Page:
posted by cestmoi15 at 5:14 AM on November 24, 2009


I agree with that girl. Even in classes I ultimately do well in, I still stress out a little when there's only one graded written assignment - I don't know how the teacher grades or what to expect so it makes working on the paper that much more difficult. It will help if there are a few (at least one other) shorter written graded assignments, so that they can get a feel for what you're expecting. (It's not clear if there are already from your question.)
posted by Solon and Thanks at 5:45 AM on November 24, 2009


A general rule of thumb for our department is that we only do for a student what we would be willing to do for the entire class. So things like looking over or pseudomarking a draft of a paper/lab report (if the draft isn't actually an assigned task) is generally not done, but answering specific questions about how to approach the research process is ok.

I usually require students to outline for me what they've already done to answer their question, if they haven't done the basics, then I give them a few pointers on where to start and tell them to come back if they're still having trouble. If a student has really put in a good bit of effort but is still not getting things, that's when I look to help them more than I would on average. Sometimes I'm really shocked by how certain students will expect or need answers to be spoonfed to them, so I try to make sure they've put in some effort before I start giving them substantial help.
posted by dnesan at 5:57 AM on November 24, 2009


if some of the students found these resources on their own, then all of the students should know about it. Students should learn as much from their peers as they learn from you. For specifics of your preferred content, style or other quirks, you should be clear up-front and offer feedback at every opportunity; but for questions not specific to your field/topic, like "how to write a paper" or "how to do research" (questions of method, not content) they should learn from each other, from the librarian, or from their composition teachers. Stick to your specialty.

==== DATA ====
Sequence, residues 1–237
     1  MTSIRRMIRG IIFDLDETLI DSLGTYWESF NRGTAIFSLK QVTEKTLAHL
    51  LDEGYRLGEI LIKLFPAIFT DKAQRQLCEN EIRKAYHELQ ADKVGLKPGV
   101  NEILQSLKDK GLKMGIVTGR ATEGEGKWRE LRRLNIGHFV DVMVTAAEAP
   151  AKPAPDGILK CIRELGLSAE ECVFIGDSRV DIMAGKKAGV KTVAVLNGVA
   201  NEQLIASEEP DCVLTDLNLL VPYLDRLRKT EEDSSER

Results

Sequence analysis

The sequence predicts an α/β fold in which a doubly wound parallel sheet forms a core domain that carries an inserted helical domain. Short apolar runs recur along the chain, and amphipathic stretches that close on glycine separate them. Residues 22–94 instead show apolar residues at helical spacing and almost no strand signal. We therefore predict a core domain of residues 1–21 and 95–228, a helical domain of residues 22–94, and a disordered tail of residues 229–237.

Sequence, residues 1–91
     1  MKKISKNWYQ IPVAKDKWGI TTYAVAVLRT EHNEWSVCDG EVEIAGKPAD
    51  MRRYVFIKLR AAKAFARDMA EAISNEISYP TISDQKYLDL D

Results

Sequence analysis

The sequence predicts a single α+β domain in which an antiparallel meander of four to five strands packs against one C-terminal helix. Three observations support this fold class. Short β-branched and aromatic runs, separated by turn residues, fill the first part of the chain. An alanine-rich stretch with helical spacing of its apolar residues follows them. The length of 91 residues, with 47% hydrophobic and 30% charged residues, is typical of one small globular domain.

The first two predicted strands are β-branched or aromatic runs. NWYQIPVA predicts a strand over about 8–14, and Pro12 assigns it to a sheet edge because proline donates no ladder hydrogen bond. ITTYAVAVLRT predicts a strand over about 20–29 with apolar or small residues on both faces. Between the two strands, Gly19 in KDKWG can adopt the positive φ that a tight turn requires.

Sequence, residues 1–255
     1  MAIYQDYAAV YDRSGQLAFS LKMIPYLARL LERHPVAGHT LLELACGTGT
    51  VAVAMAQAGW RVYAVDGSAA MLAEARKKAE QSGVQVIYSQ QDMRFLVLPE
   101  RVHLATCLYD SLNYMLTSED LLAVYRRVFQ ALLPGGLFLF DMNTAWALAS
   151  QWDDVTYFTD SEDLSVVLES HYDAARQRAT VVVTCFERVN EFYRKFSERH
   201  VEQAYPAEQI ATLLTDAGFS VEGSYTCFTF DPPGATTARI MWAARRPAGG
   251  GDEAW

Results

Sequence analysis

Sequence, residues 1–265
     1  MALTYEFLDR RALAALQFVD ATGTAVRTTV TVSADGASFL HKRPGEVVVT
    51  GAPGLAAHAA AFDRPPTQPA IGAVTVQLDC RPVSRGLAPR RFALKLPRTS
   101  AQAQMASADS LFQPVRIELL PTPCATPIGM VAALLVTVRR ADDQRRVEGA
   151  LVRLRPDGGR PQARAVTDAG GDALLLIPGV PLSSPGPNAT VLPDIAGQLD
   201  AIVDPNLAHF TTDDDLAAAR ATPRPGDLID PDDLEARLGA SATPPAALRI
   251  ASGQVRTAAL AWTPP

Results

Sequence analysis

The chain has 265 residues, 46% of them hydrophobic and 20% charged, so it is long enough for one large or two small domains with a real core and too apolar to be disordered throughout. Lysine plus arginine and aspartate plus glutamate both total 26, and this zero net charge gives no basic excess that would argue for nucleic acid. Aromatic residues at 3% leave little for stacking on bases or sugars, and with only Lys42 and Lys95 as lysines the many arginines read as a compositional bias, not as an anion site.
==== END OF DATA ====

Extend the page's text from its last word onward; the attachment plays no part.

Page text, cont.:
posted by Chris4d at 6:15 AM on November 24, 2009


Well, most fortunately, this is a small special elective class with only 13 students. Had it been a bigger class, I agree it would have been prudent to discuss researching this paper in depth earlier on. The size is also why I was ok with looking over their papers before they officially handed them in.

The memos were graded and handed back halfway through the term, they got started plenty early. The intention (which I was pretty clear on) was to have them outline their papers and find themselves a good handful of references to get started, to get a sense of the magnitude of the report. I took that opportunity to make sure the students knew how to properly reference their sources in a paper, check the quality of their references, and also to point out that Wikipedia is not a valid reference for a university paper (a handful had included it). I didn't really grade based on quality of writing as the memos were rather densely packed with info... like an abstract, basically.

For the paper, they were provided with general guidelines early on - format, expected chapters (as appropriate), etc. I've made sure to address the questions asked in class, discussing what the general contents of the chapters should be. I've conveyed the importance of writing a well-rounded, well-discussed paper that stays on topic (as a guide to sift through the information and find the still-missing info therein). And I'd have to say that by now they're decently informed of how to do a literature search.

Is there anything I'm really missing here? Any advice on what to tell them regarding the grading scheme and the like?
posted by lizbunny at 6:55 AM on November 24, 2009


The only thing I can see here that might confuse them at this point, assuming that they have a grip on literature searches and organization, etc, is the fact that the memos weren't graded based on quality of writing, but seems like more on the information that they contained? I could see my students assuming that since one assignment was evaluated based strictly on content, everything else would be too, and they could basically just throw grammar and voice to the wind (Even more in your case, since this is not a liberal arts course). I think that's definitely something that you'd want to be clear about. I don't know whether you use a rubric to grade papers, but one thing that's worked for me in the past with communicating expectations is to give them a copy of my rubric in advance. Either that, or I put it in a handout form that breaks down exactly what I'm looking for and how each aspect is weighted. For instance, accurate and well-researched information is X%, referencing sources properly is X%, correct grammar is X%, etc. This can also help you to draw the line as far as what you will provide extra help with and what they are expected to do on their own/with the help of the library/with the help of your school's Writing Center (assuming that there is one). You can tell them, okay, I'm willing to work with you on this and this, but that and that you are responsible for outside of class.